Thursday, August 06, 2009

The Transformation of Life

The Transfiguration of Life

It must be a year or so now since I read Cormac McCarthy’s novel “The Road.” The book is the kind that has smoldered in my mind ever since I read the last and wondrous pages. It is the story about a father and his son, making their way across a lifeless America. Some kind of a nuclear horror has destroyed nearly everything that once lived – save for scattered humans who survive by scavenging for cans of food in abandoned shelters, ruined houses and cities. The father and son are heading for the coast and use a shopping cart to store their meager belongings. The prose is lean. The road is long and dangerous – the father will shield his son from threats of murder, scenes of cannibalism and other horrors that await them as they move across the land.
The end of the book is redemptive and holds a promise. But I won’t spoil it for you by going into detail. In the spare, meager language there are embers of redemption right from the start, which burst into flame in the closing scene.
Not long ago I asked a group in the retreat house if they had read the novel and a few people said yes. One woman looked at me and said she hated the book. She got a third of the way through it and stopped reading. “The violence was mindlessly prevalent,” she said. And she was partly right. McCarthy is not a mindless writer. The novel deserves a full read – the seeming mindlessness orbits around a warm center of a love that lives amidst desolation.
The novel is devoid of frills. All that we know that normally gives some human comfort to life is stripped – or nuked – away. The father and his son namelessly and slowly make their way through lifeless places, where the only human encounters are harbingers of death, save for the last scene of the last chapter. I suppose the woman in the retreat house needed a different kind of novel, perhaps the kind that has a redemptive angle on every page. She did not read “The Road.” She walked away from it and in doing so she is not unlike a tendency many of us have when it comes to the road that is life. We do not know how to incorporate into redemptive patterns the horrors that we know happen every day. They are as real a part of life’s road as those experiences that move us to keep turning life’s pages in some kind of anticipation for a happy ending.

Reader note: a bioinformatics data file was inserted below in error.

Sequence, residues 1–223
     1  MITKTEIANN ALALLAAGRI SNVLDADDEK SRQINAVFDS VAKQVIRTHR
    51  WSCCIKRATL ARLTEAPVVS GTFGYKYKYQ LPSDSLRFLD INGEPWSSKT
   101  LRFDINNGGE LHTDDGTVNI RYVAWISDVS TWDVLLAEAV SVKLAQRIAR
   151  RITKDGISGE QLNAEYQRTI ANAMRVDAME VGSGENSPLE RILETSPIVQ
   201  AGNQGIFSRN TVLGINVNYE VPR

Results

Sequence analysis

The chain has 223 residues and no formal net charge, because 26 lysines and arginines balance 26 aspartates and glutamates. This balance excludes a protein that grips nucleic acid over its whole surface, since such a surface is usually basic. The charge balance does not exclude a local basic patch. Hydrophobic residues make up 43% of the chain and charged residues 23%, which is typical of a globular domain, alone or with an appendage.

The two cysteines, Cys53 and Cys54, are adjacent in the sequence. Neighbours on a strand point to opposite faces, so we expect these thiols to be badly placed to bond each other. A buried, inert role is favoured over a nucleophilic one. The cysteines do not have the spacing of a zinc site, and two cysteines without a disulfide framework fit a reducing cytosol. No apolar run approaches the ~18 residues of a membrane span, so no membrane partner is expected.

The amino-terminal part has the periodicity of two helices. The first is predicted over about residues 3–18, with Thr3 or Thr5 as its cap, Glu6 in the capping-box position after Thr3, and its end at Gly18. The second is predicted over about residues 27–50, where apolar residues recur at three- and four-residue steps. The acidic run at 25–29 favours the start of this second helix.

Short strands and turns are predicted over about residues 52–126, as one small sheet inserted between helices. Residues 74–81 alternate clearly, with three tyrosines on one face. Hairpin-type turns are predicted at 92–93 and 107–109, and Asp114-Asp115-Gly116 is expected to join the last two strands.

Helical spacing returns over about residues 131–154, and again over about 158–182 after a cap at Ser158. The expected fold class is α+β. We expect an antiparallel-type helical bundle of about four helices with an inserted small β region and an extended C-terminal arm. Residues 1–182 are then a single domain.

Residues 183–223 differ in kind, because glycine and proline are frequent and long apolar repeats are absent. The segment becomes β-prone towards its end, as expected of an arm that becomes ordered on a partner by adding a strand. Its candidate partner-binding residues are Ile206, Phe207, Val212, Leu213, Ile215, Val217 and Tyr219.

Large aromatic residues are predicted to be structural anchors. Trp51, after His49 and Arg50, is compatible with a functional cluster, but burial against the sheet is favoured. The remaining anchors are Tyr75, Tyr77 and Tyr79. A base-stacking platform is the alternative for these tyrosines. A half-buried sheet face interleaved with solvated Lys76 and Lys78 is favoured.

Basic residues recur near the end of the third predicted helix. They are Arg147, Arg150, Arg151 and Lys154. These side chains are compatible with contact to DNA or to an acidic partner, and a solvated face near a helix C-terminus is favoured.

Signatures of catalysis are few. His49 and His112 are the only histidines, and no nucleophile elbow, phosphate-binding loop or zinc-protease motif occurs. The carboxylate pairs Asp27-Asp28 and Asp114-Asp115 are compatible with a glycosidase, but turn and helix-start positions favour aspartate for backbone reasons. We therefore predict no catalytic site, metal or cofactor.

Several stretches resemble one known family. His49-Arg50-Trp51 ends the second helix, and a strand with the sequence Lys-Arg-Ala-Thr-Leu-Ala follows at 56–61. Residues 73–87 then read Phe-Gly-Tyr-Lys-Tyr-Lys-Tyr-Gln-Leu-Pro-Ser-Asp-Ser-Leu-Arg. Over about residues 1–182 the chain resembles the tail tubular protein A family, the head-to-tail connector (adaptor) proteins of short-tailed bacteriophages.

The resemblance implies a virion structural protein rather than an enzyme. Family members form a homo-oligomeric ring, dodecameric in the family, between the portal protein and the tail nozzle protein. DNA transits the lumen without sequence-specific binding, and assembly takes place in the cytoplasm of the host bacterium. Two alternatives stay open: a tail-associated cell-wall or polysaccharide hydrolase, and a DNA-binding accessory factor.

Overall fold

I wish that woman had made her way through to the end of the book. For it is only the end that sheds some light on all that went before. The closing pages are really an opening, a new promise, a kind of revelatory gift that makes all that went before bearable and, more importantly, redemptive.
The Transfiguration is at first a summons to the heights and the call is soon followed by the sight of a transfigured Jesus. Its light shines on and past the disciples, down into the myriad and seemingly unsure roads of history. The disciples would walk these roads and would know all that await us on them, including depravity and death. But they walked, keeping hope in the light at the end, which would be embraced as a beginning.

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